Things went downhill from there. The patient took offense at what she perceived as my amusement. I found myself thinking, "How can she, as a mental health professional, act in a such a transparently immature fashion?" Of course, what I should have realized was that this "immaturity" was an important part of why she was in the emergency psychiatry service in the first place. It is clear that by that point I had lost sight of the patient as a patient. (Psychotherapeutic principle: feeling irritated with a patient may signal a loss of empathic attunement.)

The patient began to shout and grow visibly restless. I revised my plans and decided to admit her to our observation unit, but before I could explain this to her, she had come out of her chair and taken a swing at me with her forearm. Staff from the emergency psychiatry service came quickly into the room and grabbed her, but as she struggled she kicked me in the thigh. It took several security officers to restrain her. In her distress she screamed that she was being raped. I learned only the next day that she had previously worked at a local crisis facility but had been fired for unprofessional behavior.

The most recent episode, like the first one, involved a paranoid, psychotic patient. Like each of the previous attacks, part of the reason things went badly was that I misread certain aspects of the clinical presentation. Although I didn't dismiss the presence of two ex-husbands or ignore signs of borderline personality traits, I did underestimate the dangerousness of a patient who had been sent to the emergency psychiatry service for that very reason. I also paid the price for not being more insistent about the safety of my working environment.

A week earlier a computer server, about the size of a waist-high refrigerator, had been moved into a corner of one of our interview rooms to make more space in an office that two staff members had begun to share. I told our administrator that having the server in a clinical space was unacceptable, and she assured me that a work order would go in to have it moved. Nevertheless, on the Tuesday in question the server was still in the room. The effect was to reduce the space between the patient and me.

This patient, a woman in her 30s with a diagnosis of paranoid schizophrenia, had been sent to the hospital because of threatening behavior. However, when she arrived, although she spoke somewhat loudly, her demeanor was quite friendly: I had seen her being released from the ambulance gurney chatting with our staff, lying on her side like a patrician Roman woman at a banquet in the age of Tiberius or Nero. She was calm when interviewed by the social worker and sat quietly in the waiting room before I interviewed her. (Psychotherapeutic principle: initial impressions can be misleading; patients are often different from how they first appear.)

Initially I wondered what had prompted her referral to the emergency psychiatry service. She spoke calmly and with a composure that was, frankly, unexpected. However, she became increasingly emphatic that she did not have schizophrenia and certainly didn't need any of "those" medications. As I tried to explore more fully what had gone on during the previous day or two before, her animation and agitation escalated, as did the volume of her voice. The degree of volatility and emotional lability reflected the fact that she had not been taking those medications. (See earlier principle about psychosis.)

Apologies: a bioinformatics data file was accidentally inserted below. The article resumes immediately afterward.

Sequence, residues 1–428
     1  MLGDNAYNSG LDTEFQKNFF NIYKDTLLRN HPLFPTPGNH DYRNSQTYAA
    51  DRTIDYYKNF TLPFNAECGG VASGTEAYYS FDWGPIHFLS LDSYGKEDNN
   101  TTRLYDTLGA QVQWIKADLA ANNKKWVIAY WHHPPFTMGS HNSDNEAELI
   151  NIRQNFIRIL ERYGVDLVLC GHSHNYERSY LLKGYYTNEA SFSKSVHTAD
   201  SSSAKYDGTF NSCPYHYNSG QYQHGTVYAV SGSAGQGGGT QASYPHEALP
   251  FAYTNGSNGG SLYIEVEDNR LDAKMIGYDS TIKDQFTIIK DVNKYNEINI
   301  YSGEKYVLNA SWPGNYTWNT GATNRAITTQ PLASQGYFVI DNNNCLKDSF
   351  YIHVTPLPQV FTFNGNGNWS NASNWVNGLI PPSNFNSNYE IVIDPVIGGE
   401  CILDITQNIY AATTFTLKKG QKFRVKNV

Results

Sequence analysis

As I was concluding the interview, having decided that hospitalization was not avoidable, she kicked her leg out at me. Although she missed my leg, she connected with the clipboard sitting on my lap: it flew up and clipped me above my left eye. (Without the server in the room, she would have been just far enough from me that her leg would not have reached the clipboard.) (Psychotherapeutic principle: the therapist is responsible for "the frame," and a safe, sound frame protects both the patient and the therapist.)

My face stung, but it took a few moments before I saw blood dripping on the desk and realized that I had been cut. Meanwhile, the patient was rapidly becoming even more wildly out of control and had to be restrained, secluded, and medicated. After her safety had been secured, I finally looked in a mirror: it was quite a sight, a cut like a Nike swoosh just above and slightly left of my left eye. My colleague in the medical emergency department put in 11 tiny stitches before I went home.

As with the other instances of assault, my behavior had contributed to my being injured: I let the interview go on too long, and I should not have used space that had become less safe. However, what sticks with me most—now that my face has healed and the scars have faded behind my eyebrow—is how damaging it is when patients lose control, especially when it results in visible injury to others. For psychotic patients in particular, this loss of control weakens the boundary between reality and fantasies of omnipotent destructiveness. So the final psychotherapeutic principle is that preventing assaults by patients is not only in our self-interest, it's good patient care as well.

Dr. Strauss is professor and director of emergency psychiatry in the department of psychiatry and behavioral science at the University of Louisville School of Medicine, 601 South Floyd Street, Suite 210, Louisville, Kentucky 40202 (e-mail, gdstra01@gwise.louisville.edu). Marcia Kraft Goin, M.D., Ph.D., is editor of this column.